Deception and Debt – More Volatility to Come
D.R. Barton, Jr.
In last week’s discussion on
Greek debt, I concluded that uncertainty and hence volatility would
remain in the market for some time to come.
As the mainstream press latched onto
the situation, the latest revelations have done nothing to
change that thinking.
The most interesting report came in a
New York Times article over the weekend that revealed—gasp—Wall
Street banks have helped create another debt bubble.
This one in Greece.
In summary, investment banks (which
are now just “plain ol’ banks”), most notably
Goldman Sachs, created customized derivatives or swaps to
effectively loan large sums of money to Greece (and other
countries in the PIIGS mess).
All of this was perfectly legal, even if it
In essence, Greece swapped future
revenues from airports, highways and the national lottery
(also known as their safest and most reliable future
revenue streams) for a chunk of cash then.
Since the transaction was classified as a sale and
not a loan, the immediate infusion of cash helped Greece
meet some European Union financial guidelines in the short
term (back in 2000 and 2001) and pass the problem on to
Let’s recognize these maneuvers for
what they are: an under-the-table use of financial and
accounting gamesmanship that allowed a bubble to grow out
of control and off the financial radar screen.
Understand, America has developed
“passing the problem to future administrations and
generations” to an elevated art form, so I won’t cast
any stones. Additionally,
the European Union debated the very issue of making such
swaps more transparent in back in 2000, but decided
against any new reporting requirements.
Finally in 2002, disclosure requirements for these
types of swaps (and the entities formed to facilitate
them) began to appear.
The current “second wave” debt
crisis is almost certainly deeper and wider than we
currently imagine. Additional
volatility and uncertainty will continue as the media
uncovers more revelations about the situation.
And now for a fun guessing game on
look at the debt of two different governments.
(All $ in Millions)
2010 Budget Deficit
Here’s the set-up:
Country A has a GDP of $2 trillion, $75 billion in
debt and will have a projected budget deficit of $40
billion for this year.
Country B has an economy 1/5 the size
of A, has almost 6 times more outstanding debt and will
add 20% more debt this year to their bottom line.
Whose bonds would you imagine have
the higher priced insurance against default?
Which one does the market view as riskier?
Considering the numbers provided,
wouldn’t it seem that Government B would have the higher
risk for defaulting on its bonds?
Alright, this was a trick question.
Government A is actually California. And Government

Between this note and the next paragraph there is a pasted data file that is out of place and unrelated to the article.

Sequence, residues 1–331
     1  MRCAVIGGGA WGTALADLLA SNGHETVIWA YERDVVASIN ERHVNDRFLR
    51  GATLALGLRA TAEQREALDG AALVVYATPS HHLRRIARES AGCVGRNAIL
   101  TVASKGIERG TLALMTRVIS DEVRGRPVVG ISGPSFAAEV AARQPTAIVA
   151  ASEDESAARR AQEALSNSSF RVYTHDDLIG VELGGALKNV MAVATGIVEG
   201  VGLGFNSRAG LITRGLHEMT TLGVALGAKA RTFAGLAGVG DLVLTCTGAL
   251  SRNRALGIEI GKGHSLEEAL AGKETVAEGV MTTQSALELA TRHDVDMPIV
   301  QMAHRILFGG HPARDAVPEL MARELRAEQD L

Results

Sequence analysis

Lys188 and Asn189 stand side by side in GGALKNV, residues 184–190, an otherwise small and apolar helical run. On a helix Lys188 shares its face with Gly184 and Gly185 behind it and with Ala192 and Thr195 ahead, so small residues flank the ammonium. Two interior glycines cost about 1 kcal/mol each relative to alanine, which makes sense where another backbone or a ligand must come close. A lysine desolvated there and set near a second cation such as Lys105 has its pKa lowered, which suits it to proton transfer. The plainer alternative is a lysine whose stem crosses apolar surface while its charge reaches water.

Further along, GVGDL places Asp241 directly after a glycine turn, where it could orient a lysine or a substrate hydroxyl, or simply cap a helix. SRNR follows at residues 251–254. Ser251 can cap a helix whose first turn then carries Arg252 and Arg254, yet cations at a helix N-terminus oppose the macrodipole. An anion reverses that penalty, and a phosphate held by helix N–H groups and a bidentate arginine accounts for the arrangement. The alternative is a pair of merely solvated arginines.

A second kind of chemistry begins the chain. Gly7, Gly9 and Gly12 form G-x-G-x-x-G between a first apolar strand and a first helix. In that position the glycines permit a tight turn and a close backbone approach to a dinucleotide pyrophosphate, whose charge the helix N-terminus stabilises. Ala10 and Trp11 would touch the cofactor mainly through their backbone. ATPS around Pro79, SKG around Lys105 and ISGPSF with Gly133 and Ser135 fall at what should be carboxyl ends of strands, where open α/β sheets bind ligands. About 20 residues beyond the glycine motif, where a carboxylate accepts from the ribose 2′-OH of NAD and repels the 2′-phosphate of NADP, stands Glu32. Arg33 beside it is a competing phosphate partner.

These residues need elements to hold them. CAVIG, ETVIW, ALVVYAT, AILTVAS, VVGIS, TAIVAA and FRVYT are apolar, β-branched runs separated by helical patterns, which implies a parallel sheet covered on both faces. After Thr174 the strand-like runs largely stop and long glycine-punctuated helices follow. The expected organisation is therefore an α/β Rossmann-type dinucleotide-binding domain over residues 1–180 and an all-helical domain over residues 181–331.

B is Greece.
As strange as it may seem, California
had the higher default insurance up until two months ago.
California was viewed as a worse credit risk than
Until December, California had to pay
more for bond insurance than Greece did.
California’s problems had been in the news for a
long time by that point and were very high in the
public’s awareness. Since the first of the year,
Greece’s debt problems have been in the news more.
Now that more people are aware of the issues, the
price for insuring against Greek default has risen
What a strange game.
If one wanted to speculate in government bonds
today, it looks to me like buying California bonds and
selling Greek ones might be the way to go.
In the end, the two primary Greek
creditors (France and Germany) will not allow it to
default. For the EU, Greece
falls into the same category that the American banks and
AIG did last year—“too big to fail.”
A default on Greek debt would send the EU into a
tailspin that most would consider catastrophic.
That could lead to the end of the economic
conglomerate and create severe financial hardships for
member countries in terms of cost of capital. So the
member countries will do everything in their power to keep
that from happening.
If Greece is too big to fail, then
what about California?
It’s five times bigger…
Some opine that the California debt insurance is as
high as it is because the US federal government has given
no indication that it will step in to help.
But I think that it is a rather safe bet that the
U.S. governmental powers-that-be will not allow a
California default under any circumstances short of
So in the meantime, someone is
enjoying the benefit of writing really high-priced
California risk insurance.
Until the EU creates some concrete
plans for resolution the PIIGS debt problem, look for the
volatility in the equities markets to continue.
D.R. Barton, Jr.:
A passion for the systematic approach to the markets and
lifelong love of teaching and learning have propelled D.R.
Barton, Jr. to the top of the investment and trading
arena. He is a regularly featured guest on both Report
on Business TV, and
WTOP News Radio in Washington, D.C., and has been a guest
on Bloomberg Radio. His
articles have appeared on SmartMoney.com and Financial
Advisor magazine. You may contact D.R. at
“drbarton” at “iitm.com”.